A question for Libertarian Socialists.

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RayApparently
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I won't pretend to be an expert on the philosophies of Libertarian Socialism but after reading a simple description I was left wondering: Isn't a world without government, just a world run by businesses? Doesn't sound very socialist to me. Of course I'm sure I'm missing something and that the LS crew have a picturesque alternate vision of the world but I can't imagine what we'd do without some kind of government. Is pluralist, democratically elected government not the guardian of the people? The upholder of law and equality?


Please tell me what you think.
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Greenlaner
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(Original post by RayApparently)
I won't pretend to be an expert on the philosophies of Libertarian Socialism but after reading a simple description I was left wondering: Isn't a world without government, just a world run by businesses? Doesn't sound very socialist to me. Of course I'm sure I'm missing something and that the LS crew have a picturesque alternate vision of the world but I can't imagine what we'd do without some kind of government. Is pluralist, democratically elected government not the guardian of the people? The upholder of law and equality?


Please tell me what you think.
In a libertarian/anarchist society, people would still be free to employ some form of governing body if they want, so long as it doesn't violate the non-aggression principle and initiate force or violence against people to achieve it's aims.

Though I must admit I don't have a huge understanding of libertarian socialism (I lean more towards free-market anarchy myself), so I can't comment specifically on the ideology.
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anarchism101
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Well, I think an important thing to understand is that the state is not so much a clearly identifiable organisation as an activity, an aspect of particular social systems. To paraphrase Bob Black, it's not merely a tumour that can be cut out; instead a new social system must be built to replace it.

To put it another way, workers' seizure of their workplaces for self-management in revolution would, in itself, be a significant destruction of state authority.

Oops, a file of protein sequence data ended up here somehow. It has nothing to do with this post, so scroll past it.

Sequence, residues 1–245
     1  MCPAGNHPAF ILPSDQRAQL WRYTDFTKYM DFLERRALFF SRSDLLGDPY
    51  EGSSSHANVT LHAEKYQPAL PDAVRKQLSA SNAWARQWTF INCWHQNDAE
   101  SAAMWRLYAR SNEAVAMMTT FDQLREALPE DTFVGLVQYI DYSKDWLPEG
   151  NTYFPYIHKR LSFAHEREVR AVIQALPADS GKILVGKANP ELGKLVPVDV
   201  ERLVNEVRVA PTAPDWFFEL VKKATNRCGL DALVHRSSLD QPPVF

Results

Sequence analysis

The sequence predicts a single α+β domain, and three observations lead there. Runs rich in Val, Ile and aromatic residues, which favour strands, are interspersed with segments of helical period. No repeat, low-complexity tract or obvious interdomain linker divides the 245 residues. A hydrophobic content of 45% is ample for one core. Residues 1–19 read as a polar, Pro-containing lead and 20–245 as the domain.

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Pee jay
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Isn't a world without government, just a world run by businesses?

I think a 'libertarian socialist' would say that firms themselves would be run by workers. So a world run by businesses would be a world run by workers.
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JohnPaul_
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(Original post by Pee jay)
Isn't a world without government, just a world run by businesses?

I think a 'libertarian socialist' would say that firms themselves would be run by workers. So a world run by businesses would be a world run by workers.
Is this what 'Dictatorship of the Proletariat' means?


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Pee jay
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(Original post by JohnPaul_)
Is this what 'Dictatorship of the Proletariat' means?


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I'm no expert but this is my vague understanding of the topic.

Marxists hold that capitalism is a stage of society that is brought about by industrialisation. Industrialisation creates two social classes which are necessary in conflict, the bourgeoisie and the workers. The state is an instrument through which capitalists exploit workers. As the tendency of capitalism (it is argued) is to concentrate wealth in a small number of hands and to exploit the workers ever more, it 'sows the seeds of its own destruction' by making revolution inevitable. The stage immediately following the revolution is the 'dictatorship of the proletariat' or socialism, in which the state seizes the means of production, thereby consolidating the revolution. This phase is characterised by one party rule, that of the socialist or vanguard party representing the workers, and the dismantlement of the capitalist mode of production and a cultural and intellectual rebirth essential to creating the conditions for the next stage. Here, the state ceases to be an instrument of exploitation and eventually becomes unnecessary, at which point the final stage of society is achieved, communism. Communism meaning a stateless society in which workers own and run their factories and presumably collaborate instead of competing.

There are many variations upon this in Marxist literature, the most famous variant being Marxist-Leninism which applies Marx to the conditions of Imperial Russia, which had not yet achieved industrialisation. Marx said that the most industrialised countries would be those where the conditions for revolution would be most favourable and expected the revolution to come in Germany or something like that.

The debate between Marxists and other Anarchists (of which libertarian socialists are a subset) is that the latter hold that those in power during the transitional period of dictatorship of the proletariat are unlikely to yield it, thereby making it permanent. This is what happened, for example, in the Soviet Union. The state must therefore be abolished and not captured.

I hope that makes it a bit clearer. Feel free to post any queries or corrections.

Edit:
Here's an article by Bakunin (probably the most important Anarchist thinker) elaborating his critique of the Marxist theory of the state: http://www.marxists.org/reference/ar...sm-anarchy.htm
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